An industry alliance formally defines "spyware,"a move that should help companies combat insidious intrusions.
- By Lafe Low
- January 01, 2006
Ask people to name today's greatest IT security threats and chances are
that spyware will rank highly on everyone's list. Then ask those same
people to define spyware -- and you're far less likely to get a consensus.
But that's changing now that an industry group has released an official
definition for spyware -- a move that can help you and your customers
more easily identify and deal with this potential threat.
The Anti-Spyware Coalition (ASC), a group of vendors, government agencies
and other organizations, joined forces in April 2005 to combat spyware.
Founding members include Microsoft, McAfee, Yahoo!, WebSense, the Cyber
Security Industry Alliance and the University of California-Berkeley School
of Law, among others.
Glossary of Selected Spyware Terms
Botnet A type of remote control software, specifically
a collection of software robots, or "bots,"
which run autonomously.
Browser Plug-In A software component that interacts
with a Web browser to provide capabilities or perform
functions not otherwise included in the browser.
Dialing Software Any program that utilizes a
computer's modem to make calls or access services.
Droneware Programs used to take remote control
of a computer; typically used to send spam remotely,
run denial-of-service attacks or host offensive Web
Drive-by Download The automatic download of
software to users' computers when they visit Web sites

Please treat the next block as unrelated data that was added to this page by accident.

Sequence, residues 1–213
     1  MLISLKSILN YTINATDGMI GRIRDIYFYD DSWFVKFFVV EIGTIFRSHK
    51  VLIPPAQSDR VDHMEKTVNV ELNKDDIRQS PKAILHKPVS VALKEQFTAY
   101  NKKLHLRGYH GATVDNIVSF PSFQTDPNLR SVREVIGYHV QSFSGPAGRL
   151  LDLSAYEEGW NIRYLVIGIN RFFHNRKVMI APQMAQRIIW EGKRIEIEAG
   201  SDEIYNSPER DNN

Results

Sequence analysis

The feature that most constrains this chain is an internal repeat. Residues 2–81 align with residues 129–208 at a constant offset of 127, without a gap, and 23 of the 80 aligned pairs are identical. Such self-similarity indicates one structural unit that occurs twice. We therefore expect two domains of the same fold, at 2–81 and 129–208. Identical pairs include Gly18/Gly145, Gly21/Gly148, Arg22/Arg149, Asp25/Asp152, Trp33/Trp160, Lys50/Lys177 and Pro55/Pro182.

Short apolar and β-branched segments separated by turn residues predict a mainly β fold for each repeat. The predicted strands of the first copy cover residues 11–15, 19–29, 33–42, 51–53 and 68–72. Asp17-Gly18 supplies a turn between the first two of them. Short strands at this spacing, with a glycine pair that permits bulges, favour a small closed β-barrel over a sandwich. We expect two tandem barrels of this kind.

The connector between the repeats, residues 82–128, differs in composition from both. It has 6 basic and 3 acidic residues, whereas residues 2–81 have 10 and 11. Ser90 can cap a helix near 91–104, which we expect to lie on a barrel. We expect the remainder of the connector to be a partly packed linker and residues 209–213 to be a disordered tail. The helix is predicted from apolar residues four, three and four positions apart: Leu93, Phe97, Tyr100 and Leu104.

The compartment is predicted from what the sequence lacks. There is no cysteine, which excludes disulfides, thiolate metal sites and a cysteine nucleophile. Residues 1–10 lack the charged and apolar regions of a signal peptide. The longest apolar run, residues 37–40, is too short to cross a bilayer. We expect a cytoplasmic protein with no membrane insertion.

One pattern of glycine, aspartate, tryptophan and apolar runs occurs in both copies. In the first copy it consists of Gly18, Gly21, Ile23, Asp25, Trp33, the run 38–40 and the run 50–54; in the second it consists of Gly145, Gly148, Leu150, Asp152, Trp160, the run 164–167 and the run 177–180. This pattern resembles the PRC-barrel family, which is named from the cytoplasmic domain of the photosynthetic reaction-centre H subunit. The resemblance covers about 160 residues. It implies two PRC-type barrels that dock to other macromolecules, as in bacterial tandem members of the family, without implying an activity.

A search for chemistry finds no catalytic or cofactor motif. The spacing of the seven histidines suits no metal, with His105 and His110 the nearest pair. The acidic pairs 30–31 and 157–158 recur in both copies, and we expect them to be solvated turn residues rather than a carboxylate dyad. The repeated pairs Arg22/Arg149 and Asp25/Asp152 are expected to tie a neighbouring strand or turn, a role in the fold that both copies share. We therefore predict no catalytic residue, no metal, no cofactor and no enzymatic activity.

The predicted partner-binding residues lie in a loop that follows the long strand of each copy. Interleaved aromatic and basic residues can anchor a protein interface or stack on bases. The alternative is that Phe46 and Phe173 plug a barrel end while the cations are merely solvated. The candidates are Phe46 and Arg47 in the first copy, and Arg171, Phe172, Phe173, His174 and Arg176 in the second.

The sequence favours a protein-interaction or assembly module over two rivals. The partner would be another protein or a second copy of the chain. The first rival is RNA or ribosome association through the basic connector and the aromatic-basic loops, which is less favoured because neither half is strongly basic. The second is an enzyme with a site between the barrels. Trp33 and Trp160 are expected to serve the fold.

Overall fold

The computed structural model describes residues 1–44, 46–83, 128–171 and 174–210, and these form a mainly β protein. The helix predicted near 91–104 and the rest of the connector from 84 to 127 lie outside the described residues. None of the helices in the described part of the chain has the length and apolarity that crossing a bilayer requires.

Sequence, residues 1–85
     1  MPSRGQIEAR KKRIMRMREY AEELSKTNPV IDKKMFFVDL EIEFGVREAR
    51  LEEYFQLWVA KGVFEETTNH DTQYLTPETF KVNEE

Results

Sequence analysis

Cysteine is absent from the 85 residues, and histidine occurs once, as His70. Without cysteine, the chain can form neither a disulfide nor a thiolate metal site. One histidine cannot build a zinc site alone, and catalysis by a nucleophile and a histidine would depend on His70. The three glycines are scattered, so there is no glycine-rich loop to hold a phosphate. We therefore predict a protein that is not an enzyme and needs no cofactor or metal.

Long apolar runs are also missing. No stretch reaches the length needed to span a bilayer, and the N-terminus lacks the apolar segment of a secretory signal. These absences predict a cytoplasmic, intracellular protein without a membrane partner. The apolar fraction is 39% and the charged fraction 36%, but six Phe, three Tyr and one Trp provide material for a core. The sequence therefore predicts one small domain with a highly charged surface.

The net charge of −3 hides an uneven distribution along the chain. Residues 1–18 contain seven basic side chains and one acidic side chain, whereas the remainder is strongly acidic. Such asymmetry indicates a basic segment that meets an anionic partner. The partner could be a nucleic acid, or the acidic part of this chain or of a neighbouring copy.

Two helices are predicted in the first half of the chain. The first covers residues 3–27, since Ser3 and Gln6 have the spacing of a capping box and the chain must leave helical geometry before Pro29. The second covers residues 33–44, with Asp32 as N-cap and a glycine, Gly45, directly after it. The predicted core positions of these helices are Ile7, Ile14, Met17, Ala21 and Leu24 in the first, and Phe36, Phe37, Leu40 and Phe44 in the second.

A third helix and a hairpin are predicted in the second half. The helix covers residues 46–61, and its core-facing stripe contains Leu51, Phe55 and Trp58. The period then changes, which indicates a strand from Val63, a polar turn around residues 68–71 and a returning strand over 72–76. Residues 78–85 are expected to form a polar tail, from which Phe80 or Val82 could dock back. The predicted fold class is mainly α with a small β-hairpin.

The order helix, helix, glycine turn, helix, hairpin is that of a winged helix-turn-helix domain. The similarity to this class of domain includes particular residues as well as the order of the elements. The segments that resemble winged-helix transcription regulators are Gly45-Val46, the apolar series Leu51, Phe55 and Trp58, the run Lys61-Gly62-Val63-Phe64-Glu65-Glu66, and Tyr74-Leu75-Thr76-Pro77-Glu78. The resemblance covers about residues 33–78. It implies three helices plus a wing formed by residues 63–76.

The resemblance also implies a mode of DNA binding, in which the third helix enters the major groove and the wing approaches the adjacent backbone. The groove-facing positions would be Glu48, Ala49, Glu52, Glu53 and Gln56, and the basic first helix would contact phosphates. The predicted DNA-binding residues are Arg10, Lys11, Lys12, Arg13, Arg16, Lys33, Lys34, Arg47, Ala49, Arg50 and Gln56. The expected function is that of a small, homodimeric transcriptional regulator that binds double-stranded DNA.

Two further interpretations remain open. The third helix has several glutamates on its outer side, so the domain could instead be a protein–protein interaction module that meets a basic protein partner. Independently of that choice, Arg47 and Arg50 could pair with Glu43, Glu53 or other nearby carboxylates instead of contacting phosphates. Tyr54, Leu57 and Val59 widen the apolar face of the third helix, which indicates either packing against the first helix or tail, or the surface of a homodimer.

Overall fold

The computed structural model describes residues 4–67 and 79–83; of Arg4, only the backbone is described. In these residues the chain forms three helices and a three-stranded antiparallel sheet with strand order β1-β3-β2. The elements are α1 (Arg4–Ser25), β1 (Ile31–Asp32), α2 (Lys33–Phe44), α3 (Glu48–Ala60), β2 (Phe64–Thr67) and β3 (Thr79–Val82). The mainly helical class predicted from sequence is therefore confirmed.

or view HTML-formatted e-mail; the action is taken without
users' consent and often without their notice.
Hijacker System-modification software deployed
without adequate user notice, consent or control.
Keylogger (or Keystroke Logger) Tracking software
that records keyboard and/or mouse activity.
Rootkit A program that fraudulently gains or
maintains administrator level access; it may also execute
in a manner that prevents detection.
Trickler Automatic download software designed
to install or reinstall software by downloading slowly
in the background, without impairing other functions,
so that the activity is less noticeable.
Zombie A system that has been taken over using
remote control software.
Source: Anti-Spyware Coalition. For more information,
In July 2005, the ASC released a draft of its initial attempt to spell
out exactly what qualifies as spyware. After gathering public comment
for several months, the group hammered out a formal definition -- but
emphasized that it may change over time.
"We have issued our final document, but we want that to be a living
document," says David McGuire, communications director for the Washington,
D.C.-based Center for Democracy and Technology (CDT), an ASC founding
member. "Spyware evolves, so we need a document that is capable of
evolution as well."
Spyware, according to the ASC, represents "technologies deployed
without appropriate user consent and/or implemented in ways that impair
user control over:
- Material changes that affect user experience, privacy or system security
- Use of system resources, including what programs are installed on
- Collection, use and distribution of personal or other sensitive information.
Technologies covered by the definition include keyloggers, botnets,
rootkits, software dialers and hijackers, among others.
"The [new spyware] definitions will help users make more informed
decisions about which programs to keep and which to delete," says
Ari Schwartz, CDT associate director.
The definitions are also intended to protect anti-spyware vendors and
other software publishers. However, the ASC also developed a Vendor Dispute
and False Positive Resolution Process. Software publishers that feel their
programs have been inappropriately labeled as spyware can follow the organization's
recommended best practices to protest the designation. The ASC emphasizes,
though, that vendor disputes are addressed by anti-spyware companies and
software publishers themselves.
Lafe Low is the editorial liaison for ECG Events.